“I spent time with Peter a few weeks back, just before he left on his trip, and he was his usual vibrant, passionate self,” Greene’s post says. “We were discussing one of his favorite topics — how to develop healthy communities and how we could do that at Colby and in central Maine. He was deeply committed to promoting physical, mental, and spiritual health. He expanded my thinking on these issues and inspired me to think more boldly about what is possible with a focused, strategic effort to support healthy lifestyles. Peter was endlessly curious and always onto the next adventure to learn and discover.”

Greene said that as passionate as Peter was about helping others, “his greatest devotion was to his family,” adding, “My heart goes out to the Alfond family.”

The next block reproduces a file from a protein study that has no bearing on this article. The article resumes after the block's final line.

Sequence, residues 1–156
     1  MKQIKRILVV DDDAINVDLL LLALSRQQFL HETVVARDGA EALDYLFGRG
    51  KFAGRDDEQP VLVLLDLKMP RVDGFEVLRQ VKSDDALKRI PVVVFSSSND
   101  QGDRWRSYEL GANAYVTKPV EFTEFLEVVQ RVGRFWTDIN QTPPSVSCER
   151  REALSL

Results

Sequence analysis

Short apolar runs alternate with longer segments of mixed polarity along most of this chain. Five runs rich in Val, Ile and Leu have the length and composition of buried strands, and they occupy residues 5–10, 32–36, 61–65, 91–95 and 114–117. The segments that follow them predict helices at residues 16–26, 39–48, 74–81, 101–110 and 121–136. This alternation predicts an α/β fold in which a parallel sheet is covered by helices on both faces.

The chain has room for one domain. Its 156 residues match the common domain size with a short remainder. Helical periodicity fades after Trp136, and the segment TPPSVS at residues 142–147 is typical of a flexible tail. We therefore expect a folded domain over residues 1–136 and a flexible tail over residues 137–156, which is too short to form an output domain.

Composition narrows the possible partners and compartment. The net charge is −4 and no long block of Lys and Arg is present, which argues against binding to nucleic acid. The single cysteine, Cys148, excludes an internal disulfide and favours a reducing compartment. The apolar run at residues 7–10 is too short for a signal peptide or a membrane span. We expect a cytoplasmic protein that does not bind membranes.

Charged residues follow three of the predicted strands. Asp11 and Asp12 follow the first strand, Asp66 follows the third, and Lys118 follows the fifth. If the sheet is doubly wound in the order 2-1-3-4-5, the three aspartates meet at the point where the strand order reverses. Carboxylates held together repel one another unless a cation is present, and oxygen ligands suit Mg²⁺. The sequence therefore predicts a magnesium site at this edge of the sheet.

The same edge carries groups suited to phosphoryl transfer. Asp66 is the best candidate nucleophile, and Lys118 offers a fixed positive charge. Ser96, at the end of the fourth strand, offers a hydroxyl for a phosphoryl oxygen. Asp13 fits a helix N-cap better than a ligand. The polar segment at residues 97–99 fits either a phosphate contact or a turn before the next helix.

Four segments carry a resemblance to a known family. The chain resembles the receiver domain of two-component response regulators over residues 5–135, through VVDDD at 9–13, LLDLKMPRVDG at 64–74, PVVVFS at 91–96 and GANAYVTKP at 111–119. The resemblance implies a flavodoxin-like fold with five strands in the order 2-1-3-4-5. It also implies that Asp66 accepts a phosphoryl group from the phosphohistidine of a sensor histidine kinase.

Peter Alfond’s family includes his four children, Rebekah, Kyle, Sarah, and Deborah; his siblings Colby Trustee Bill Alfond, a 1972 Colby graduate, and his wife, Joan, whose son is Sen. Justin Alfond, D-Portland, a former Maine Senate president, Colby Museum Board of Governors member Ted Alfond and his wife, Board of Governors member Barbara, and Susan Alfond; and his extended family, including Board of Governors member Peter Lunder, a 1956 Colby graduate, and Trustee Paula Lunder. He was the son of Harold and Dorothy “Bibby” Alfond, who graduated from Colby in 1938.

U.S. Sen. Susan Collins issued a statement Tuesday on his passing, saying that like his father, Peter Alfond was an “extraordinarily generous individual who gave back so much to Maine.”